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Infant vaccination schedule to change, says JCVI

by Julie Griffiths
8 August 2022

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The infant vaccination schedule is set to change within the next three years, the  Joint Committee on Vaccination and Immunisation (JCVI) has said.

In interim advice published on Friday, JCVI said the vaccination schedule at 12 months could change after 2025 because of the discontinuation of a vaccination against MenC.

The JCVI said that it had been notified of the discontinuation of Menitorix, which is used to boost protection against Hib and MenC vaccine, because of a commercial decision made by marketing authorisation holder GSK.

Menitorix is currently given at 12 months alongside a dose of pneumococcal conjugate vaccine (PCV), MMR and meningococcal group B vaccine (4CMenB).

It is the only Hib/MenC combination vaccine currently available on the market.

JCVI estimates that there are enough stocks of Menitorix to continue the current routine schedule until 2025. But after that date, there would need to be a change to the routine infant vaccination schedule, it said.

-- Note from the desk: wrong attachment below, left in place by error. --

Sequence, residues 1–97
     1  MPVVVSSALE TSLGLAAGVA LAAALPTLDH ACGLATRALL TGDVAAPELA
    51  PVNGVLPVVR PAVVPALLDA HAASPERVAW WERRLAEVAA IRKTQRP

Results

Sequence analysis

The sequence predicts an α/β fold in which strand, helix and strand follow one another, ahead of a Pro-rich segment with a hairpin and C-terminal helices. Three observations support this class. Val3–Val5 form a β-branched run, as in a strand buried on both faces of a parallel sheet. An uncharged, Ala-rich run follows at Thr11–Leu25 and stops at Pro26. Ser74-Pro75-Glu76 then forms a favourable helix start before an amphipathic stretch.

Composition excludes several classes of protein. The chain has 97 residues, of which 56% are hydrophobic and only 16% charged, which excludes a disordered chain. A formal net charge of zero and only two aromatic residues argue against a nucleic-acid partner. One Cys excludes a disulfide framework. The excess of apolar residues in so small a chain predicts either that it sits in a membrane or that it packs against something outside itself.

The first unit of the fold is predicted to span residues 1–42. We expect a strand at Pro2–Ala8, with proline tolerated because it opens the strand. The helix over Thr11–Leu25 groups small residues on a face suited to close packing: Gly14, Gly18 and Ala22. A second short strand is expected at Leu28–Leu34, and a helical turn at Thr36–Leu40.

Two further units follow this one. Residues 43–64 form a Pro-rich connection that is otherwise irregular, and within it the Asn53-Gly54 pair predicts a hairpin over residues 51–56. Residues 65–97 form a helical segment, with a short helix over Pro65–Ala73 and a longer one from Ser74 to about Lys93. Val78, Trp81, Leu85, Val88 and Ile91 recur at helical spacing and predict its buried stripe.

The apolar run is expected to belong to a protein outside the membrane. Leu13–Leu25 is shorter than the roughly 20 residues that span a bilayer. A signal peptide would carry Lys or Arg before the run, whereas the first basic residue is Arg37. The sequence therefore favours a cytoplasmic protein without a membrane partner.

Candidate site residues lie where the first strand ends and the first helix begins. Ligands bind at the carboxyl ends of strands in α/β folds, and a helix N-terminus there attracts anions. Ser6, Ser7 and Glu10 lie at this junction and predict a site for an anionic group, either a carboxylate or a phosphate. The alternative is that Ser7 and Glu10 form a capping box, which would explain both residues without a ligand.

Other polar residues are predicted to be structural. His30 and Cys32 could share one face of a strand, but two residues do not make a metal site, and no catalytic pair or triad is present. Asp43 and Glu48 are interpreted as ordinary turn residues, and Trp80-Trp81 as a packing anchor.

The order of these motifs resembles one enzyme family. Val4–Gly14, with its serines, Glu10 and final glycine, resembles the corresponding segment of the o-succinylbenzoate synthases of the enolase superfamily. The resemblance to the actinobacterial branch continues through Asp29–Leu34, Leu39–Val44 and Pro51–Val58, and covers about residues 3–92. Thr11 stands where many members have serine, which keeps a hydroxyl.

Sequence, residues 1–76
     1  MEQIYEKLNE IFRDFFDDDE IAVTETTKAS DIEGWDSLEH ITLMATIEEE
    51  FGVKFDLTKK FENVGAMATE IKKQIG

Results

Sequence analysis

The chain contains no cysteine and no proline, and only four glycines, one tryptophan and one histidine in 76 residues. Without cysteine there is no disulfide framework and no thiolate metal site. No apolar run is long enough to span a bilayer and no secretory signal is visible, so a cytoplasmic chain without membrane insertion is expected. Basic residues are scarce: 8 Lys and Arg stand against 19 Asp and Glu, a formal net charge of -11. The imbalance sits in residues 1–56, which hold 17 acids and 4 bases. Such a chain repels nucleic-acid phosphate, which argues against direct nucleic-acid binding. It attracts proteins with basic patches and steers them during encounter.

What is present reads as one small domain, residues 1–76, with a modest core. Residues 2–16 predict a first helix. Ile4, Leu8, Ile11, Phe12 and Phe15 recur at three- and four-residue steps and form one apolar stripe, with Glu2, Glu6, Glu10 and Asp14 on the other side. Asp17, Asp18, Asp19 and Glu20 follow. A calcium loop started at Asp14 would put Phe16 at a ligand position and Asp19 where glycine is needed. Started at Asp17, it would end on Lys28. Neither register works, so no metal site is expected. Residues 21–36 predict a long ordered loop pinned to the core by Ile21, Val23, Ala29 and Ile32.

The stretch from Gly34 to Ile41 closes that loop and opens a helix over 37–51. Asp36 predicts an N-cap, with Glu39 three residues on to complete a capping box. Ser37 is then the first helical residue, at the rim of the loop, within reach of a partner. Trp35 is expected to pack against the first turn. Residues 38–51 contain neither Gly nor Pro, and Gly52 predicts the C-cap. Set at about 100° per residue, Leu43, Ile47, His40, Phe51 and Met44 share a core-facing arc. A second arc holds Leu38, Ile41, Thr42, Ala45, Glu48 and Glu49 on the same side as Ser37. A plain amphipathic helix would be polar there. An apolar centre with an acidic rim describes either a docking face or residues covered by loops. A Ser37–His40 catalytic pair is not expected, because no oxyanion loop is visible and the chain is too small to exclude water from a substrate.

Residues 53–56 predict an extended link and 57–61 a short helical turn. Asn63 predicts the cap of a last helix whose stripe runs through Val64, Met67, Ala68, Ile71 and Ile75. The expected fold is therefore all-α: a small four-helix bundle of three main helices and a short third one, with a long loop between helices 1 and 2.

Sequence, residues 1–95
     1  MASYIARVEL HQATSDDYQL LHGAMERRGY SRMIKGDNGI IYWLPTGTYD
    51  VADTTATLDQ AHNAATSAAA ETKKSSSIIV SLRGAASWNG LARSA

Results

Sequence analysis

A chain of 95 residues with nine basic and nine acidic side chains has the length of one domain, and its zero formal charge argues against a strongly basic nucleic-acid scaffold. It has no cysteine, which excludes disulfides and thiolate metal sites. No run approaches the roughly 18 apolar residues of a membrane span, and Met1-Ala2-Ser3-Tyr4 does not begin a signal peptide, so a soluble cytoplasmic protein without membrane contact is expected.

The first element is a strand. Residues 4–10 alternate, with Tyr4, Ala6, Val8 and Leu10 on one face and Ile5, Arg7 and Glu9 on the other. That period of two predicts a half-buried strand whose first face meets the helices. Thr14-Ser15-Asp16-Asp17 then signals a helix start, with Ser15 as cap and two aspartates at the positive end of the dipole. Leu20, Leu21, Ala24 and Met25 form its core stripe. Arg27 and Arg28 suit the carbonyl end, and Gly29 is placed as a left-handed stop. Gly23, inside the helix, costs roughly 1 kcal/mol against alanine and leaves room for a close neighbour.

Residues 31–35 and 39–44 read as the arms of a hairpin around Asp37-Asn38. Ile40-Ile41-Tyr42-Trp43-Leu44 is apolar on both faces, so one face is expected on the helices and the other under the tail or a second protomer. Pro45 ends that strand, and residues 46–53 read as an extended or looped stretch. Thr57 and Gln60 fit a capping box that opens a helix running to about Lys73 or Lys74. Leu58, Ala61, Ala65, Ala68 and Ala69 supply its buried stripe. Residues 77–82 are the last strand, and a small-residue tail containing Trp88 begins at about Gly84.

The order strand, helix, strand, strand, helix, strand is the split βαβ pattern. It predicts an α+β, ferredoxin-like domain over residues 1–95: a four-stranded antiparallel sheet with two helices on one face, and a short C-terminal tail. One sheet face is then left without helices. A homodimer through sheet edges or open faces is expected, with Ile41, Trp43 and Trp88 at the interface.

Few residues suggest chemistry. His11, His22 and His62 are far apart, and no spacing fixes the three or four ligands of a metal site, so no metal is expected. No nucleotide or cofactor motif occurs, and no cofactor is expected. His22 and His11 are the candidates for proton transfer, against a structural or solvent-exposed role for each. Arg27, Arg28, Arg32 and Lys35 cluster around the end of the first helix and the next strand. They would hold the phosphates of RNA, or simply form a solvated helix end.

It has advised that MenC vaccines for infants were no longer recommended as it was ‘very unlikely that an infant or toddler MenACWY immunisation campaign would be cost-effective’.

Currently, vaccination to protect against MenC is given at 12 months (Hib/MenC) and 14 years (MenACWY).

There have been significant declines in the spread and detection of invasive meningococcal disease in the community, said the JCVI.

The reduction in a drop in incidence is the result of the successful teenage programme and the pandemic, which introduced social distancing and lockdown measures.

This means an infant vaccination ‘may not need to be maintained, as a result of reduced transmission leading to herd immunity’, the JCVI has said. 

Continued efforts to sustain and improve coverage of MenACWY in adolescents are important to maintain herd immunity, it added.

Other advised changes would be to offer an additional dose of Hib-containing multivalent vaccine at ages 12 or 18 months. If it were given at 18 months, this would require the creation of a new immunisation visit. 

There would also be a change to the second dose of measles, mumps and rubella (MMR) vaccine. This would be brought forwards from three years 4 months to 18 months of age.

The JCVI has discussed options for the necessary changes to the schedule in February 2020, June 2021, December 2021 and June 2022.

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